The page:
Malachy Clerkin: A simple life without headbands or ham sandwich hang-ups
The po-faced reverence for GAA in Irish society drives the bad gael up the walls
The bad gael loves nothing more than to go to a game on a Sunday in the summer. Photograph: James Crombie/Inpho
This one goes out to the bad gael. If you’ve never called a ham sandwich a hang sangwich and if you’ve never eaten one from the boot of a car down a cul de sac in the shadow of Croke Park, then fear not – there’s a welcome here for you.
The bad gael goes to matches but doesn’t get caught up in any of the other carry-on. He loves nothing more than to go to a game on a Sunday in the summer. He hasn’t been to a league game in years, not since his dad used to bring him. His dad was a great gael. Never happier than when he was cold and wet and far from home. That is not a lifestyle that interests the bad gael.
The bad gael owns neither a hat nor a flag nor a headband. She has no need of one. She certainly has no call for all three. The bad gael knows a money racket when it presents itself. Her view of anyone over the age of 10 wearing a headband is informed by this knowledge.
It’s really not in the bad gael to hate the suits in Croke Park. God’s honest truth, he has no major thoughts on them one way or the other. He wouldn’t know Tom Ryan if he saw him bellydancing on the bar below in Gaffney’s after a game. He couldn’t tell you what John Horan does and suspects that anyone who says they can is spoofing.
The po-faced reverence for the GAA in Irish society drives the bad gael up the walls. She can’t abide all the droning on about volunteers, as if they aren’t the bedrock of literally every other sport on the face of the earth too. She’s no drum-banger for professionalism but she could live without the endless reminders that these are amateur players. She will not vote for you on Friday if she suspects you are parlaying a GAA career into a political one.
The bad gael wouldn’t be a big club man. It’s 20-odd years since he played with his home club and he doesn’t know half the people who are there these days. The half he does know are a shower of mé-feiners in his eyes, in it to feed their own low-level celebrity about the place. He’s happy to stump a few quid for a club lotto ticket now and then but he’ll be careful about who he buys it off.
Come to that, the bad gael doesn’t grieve for the club player. She understands, of course, that they get a raw deal and if anyone puts her on the spot, she’ll back the CPA to the hilt. More luck to them and God bless the work. But in all truth, she finds it tough to get overly exercised about the whole thing. She just likes going to the matches – is that so bad?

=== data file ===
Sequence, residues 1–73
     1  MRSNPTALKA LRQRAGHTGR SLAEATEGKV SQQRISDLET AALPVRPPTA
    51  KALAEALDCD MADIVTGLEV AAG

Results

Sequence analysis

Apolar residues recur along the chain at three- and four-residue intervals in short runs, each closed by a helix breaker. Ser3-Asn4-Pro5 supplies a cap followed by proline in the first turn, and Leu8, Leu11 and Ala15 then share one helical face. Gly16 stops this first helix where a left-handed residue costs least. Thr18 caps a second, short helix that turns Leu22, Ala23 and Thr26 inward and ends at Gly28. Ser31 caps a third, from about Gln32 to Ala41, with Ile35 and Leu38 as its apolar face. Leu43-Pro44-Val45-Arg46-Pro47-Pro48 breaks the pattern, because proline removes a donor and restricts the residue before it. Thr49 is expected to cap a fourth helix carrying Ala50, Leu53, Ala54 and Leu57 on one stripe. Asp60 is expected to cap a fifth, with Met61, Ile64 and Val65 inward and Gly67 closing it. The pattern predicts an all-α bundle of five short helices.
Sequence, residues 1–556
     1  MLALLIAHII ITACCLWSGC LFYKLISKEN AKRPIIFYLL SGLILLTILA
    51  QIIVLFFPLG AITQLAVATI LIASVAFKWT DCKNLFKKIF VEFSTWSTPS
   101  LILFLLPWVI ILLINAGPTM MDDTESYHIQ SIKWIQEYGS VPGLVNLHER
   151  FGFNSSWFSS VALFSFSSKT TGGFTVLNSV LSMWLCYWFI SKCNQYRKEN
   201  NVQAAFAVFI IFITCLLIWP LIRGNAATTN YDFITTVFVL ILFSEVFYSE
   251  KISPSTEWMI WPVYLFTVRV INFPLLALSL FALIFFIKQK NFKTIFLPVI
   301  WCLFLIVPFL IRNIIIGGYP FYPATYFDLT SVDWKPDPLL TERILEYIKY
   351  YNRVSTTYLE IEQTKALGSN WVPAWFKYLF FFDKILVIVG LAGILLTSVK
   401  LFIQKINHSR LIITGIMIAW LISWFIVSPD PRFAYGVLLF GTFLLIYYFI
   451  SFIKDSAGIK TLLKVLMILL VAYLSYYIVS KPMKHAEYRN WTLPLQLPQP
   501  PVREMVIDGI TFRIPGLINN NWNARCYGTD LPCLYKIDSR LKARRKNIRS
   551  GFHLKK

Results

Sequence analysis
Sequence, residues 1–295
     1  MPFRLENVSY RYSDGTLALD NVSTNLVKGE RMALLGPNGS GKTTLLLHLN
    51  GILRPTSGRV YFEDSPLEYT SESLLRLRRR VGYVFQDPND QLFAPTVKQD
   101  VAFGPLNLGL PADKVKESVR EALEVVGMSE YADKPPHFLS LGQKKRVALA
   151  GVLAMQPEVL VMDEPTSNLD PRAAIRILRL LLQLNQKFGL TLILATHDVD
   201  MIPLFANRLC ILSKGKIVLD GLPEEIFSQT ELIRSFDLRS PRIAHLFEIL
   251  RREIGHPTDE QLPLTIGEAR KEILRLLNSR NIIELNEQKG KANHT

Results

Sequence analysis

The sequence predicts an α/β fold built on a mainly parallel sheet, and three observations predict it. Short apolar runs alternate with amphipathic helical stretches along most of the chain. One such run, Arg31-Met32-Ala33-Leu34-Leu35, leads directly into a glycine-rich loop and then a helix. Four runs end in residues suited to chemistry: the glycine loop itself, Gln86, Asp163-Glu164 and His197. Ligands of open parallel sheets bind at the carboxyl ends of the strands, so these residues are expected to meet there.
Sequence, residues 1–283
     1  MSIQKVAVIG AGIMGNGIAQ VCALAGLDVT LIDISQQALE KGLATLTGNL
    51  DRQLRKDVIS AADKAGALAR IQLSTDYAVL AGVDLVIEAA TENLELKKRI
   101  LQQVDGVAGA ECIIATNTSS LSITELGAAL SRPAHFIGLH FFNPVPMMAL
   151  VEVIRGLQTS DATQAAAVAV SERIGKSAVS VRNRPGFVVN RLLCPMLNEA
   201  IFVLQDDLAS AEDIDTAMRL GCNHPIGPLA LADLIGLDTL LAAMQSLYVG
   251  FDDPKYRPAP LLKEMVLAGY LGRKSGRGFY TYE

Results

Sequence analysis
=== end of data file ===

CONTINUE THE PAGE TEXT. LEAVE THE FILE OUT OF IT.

The bad gael doesn’t care about how much or how little time his county gets on The Sunday Game. He can’t imagine anything less worth his outrage than something Joe Brolly has said. He likes Donal Óg and Ciaran Whelan but finds himself scrolling through Twitter when any of the rest of them start talking. He doesn’t care whether they give out the Joe McDonagh results or not. He never makes it to the end.
The heat of a nova isn’t enough to describe how badly the bad gael doesn’t want to hear your thoughts on championship structures. She’d rather sew her earlobe to her cheekbone than have to listen to another conversation about tiered competitions. She’d happily take a fiver hike in the ticket prices if it came with a ban on the phrase Champions League format. Put the games on and she’ll go to them. Organise them however you want. Just STFU about it.
The bad gael has no time for winter talk in general. He never agreed with taking the All-Ireland finals out of September in the first place but he’s even more against it now. The last thing winter talk needed was a whole extra month into which to the Gah bores could stretch and spread themselves. If they ever move the finals to July, he’ll strongly consider emigration. Or homicide.
The bad gael has never asked aloud what the hell has happened to ground hurling. She has spent not a single nanosecond worrying that the sliotar goes too far these days. She thinks hurling people could do with getting over themselves and just bring in a black card, especially when it seems every second game she goes to has a defender pulling down a lad who’s through on goal. She thinks hurling people could do with getting over themselves in general.
For what it’s worth, the bad gael thinks the black card has actually done a fine job in football. He thinks the blanket defence is a pretty boring way to play the game but hardly the end of civilisation as we know it. He loves a good dummy team and says people moaning about them are only looking for notice.
So here’s to the bad gael. There’s more of us out there than you think.